In the memories of those who loved them, Susan Davis and Elizabeth Perry are forever 19, as they were that Memorial Day weekend, 1969.

All that the college pals could have become was ended 24 years ago by an evil intruder who brutalized and killed them in woods just off the Garden State Parkway.The slayings shocked a gentler era when most parents still believed their children were safe on holidays at the seashore. No one ever was arrested or charged.

But the parents of Elizabeth Perry said in the days leading up to this year's holiday they are at peace because they believe their daughter was avenged when serial killer Theodore Bundy was executed in Florida in January 1989.

"We loved her dearly, but we couldn't bring her back, and we had to go on," her mother, Margaret Perry, said from the couple's home at Mercer Island, Wash. "We are convinced that when Ted Bundy died, our daughter's killer got his comeuppance."

Bundy biographer Richard Larsen, a close friend of Elizabeth Perry's parents, said he is convinced the women's deaths were the serial killer's "first adult, planned crimes," and that what followed was "a complete circle from the East Coast to the West Coast, back to the Rocky Mountains and then down to Florida."

Investigators from the New Jersey State Police have known for more than a decade that Bundy was raised in Philadelphia, that he was attending Temple University there in 1969, and that he was, as one put it, "a strong suspect."

"There was never enough to say for sure that he did it," said Maj. Thomas Kinzer, one of the original detectives on the murders, who now commands Field Operations for the department. "It remains an open investigation."

Larsen, a former reporter and author of the book and television movie "The Deliberate Stranger," said it no longer has to be.

Bundy was here. Bundy was a killer. The crime has Bundy's homicidal style resonating all through it.

Larsen believes that when the two young women drove out of Ocean City before dawn on Friday, May 30, 1969, they were heading into a trap laid by a 22-year-old Ted Bundy, who probably had stalked them on the beach and was waiting up the Parkway pretending to be hurt to get them to stop.

Perry and Davis had driven to the Jersey Shore for a three-day holiday. They planned to travel to Camp Hill and then on to see Davis' brother graduate from Duke University. They stopped for breakfast at the Somers Point Diner, and were headed up the Parkway before 6 a.m.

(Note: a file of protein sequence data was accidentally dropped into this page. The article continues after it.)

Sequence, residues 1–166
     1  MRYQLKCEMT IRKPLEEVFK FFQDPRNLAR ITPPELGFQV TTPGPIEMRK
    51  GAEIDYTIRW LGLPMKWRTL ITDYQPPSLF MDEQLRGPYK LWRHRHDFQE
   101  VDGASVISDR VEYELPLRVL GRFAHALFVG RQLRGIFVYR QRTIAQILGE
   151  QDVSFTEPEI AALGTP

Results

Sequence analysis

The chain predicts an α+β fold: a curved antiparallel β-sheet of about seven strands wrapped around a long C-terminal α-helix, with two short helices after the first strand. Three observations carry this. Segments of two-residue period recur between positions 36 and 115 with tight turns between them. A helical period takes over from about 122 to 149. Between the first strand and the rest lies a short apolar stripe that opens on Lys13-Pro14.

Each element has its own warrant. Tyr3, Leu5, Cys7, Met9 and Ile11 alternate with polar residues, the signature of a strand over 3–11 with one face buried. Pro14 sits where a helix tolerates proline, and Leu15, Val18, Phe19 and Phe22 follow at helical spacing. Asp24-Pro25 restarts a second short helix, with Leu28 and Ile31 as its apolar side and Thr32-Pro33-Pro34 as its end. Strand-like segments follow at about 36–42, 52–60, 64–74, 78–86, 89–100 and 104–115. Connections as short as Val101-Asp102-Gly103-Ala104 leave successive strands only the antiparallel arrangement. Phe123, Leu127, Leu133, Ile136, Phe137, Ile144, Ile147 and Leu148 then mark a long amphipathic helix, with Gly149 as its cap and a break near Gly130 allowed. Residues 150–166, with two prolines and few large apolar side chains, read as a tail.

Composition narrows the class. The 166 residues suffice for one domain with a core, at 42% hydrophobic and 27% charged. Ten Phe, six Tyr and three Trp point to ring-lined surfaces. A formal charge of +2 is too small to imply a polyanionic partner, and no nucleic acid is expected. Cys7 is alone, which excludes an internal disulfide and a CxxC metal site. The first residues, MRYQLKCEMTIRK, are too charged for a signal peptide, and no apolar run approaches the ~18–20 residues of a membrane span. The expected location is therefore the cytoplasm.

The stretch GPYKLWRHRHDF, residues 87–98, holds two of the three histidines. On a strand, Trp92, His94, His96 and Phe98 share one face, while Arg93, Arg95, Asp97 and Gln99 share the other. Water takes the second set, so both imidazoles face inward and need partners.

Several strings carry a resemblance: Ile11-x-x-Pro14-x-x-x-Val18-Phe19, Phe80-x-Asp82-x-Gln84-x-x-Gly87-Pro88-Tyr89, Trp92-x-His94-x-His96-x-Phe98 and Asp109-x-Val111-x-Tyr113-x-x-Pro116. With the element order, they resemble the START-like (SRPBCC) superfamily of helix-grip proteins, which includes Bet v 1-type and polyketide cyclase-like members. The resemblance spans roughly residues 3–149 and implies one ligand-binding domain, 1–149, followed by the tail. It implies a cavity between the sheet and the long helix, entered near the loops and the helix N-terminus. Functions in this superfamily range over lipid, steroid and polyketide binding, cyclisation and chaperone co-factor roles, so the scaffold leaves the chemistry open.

A New Jersey trooper found Davis' powder-blue convertible abandoned alongside the highway about 10 a.m. He had it taken to a private garage in Northfield, where it remained for three days.

Within eight hours of the young women's departure, their parents knew their daughters were missing.

By Monday, police realized Davis' car had been impounded and went to the site two miles north of the Somers Point interchange where it had been found. About 1:30 p.m., searchers walked 200 feet into the woods and found the bodies buried under piles of leaves.

Just after Memorial Day 1969, Bundy went west. Larsen believes he made the trip in a car borrowed from a Temple faculty member.

Larsen was chief political writer for the Seattle Times, and dealt often with Bundy, who was a worker in Republican political campaigns. Then Bundy went to Utah to attend law school, and eventually was caught trying to kidnap a young girl.

"The bells went off," said Larsen. Larsen and other reporters were able to trace Bundy's credit-card purchases of gasoline, and figured out he was around where girls disappeared.

Bundy escaped twice, killed many times more and was finally caught and convicted and put to death in Florida.

Investigator Kinzer said that two New Jersey detectives tried to interview Bundy in 1988 about the Somers Point slayings, but that he would not discuss the crimes.

Kinzer said he did locate Bundy's aunt in Philadelphia, who told him that her nephew could not have gone to the Jersey Shore that weekend because he had been in an auto accident and had a cast on his leg. There was no record of the accident, Kinzer said.

"Bingo," said Larsen. He said Bundy used a leg cast, an arm cast or crutches, or a combination of the three to lure victims.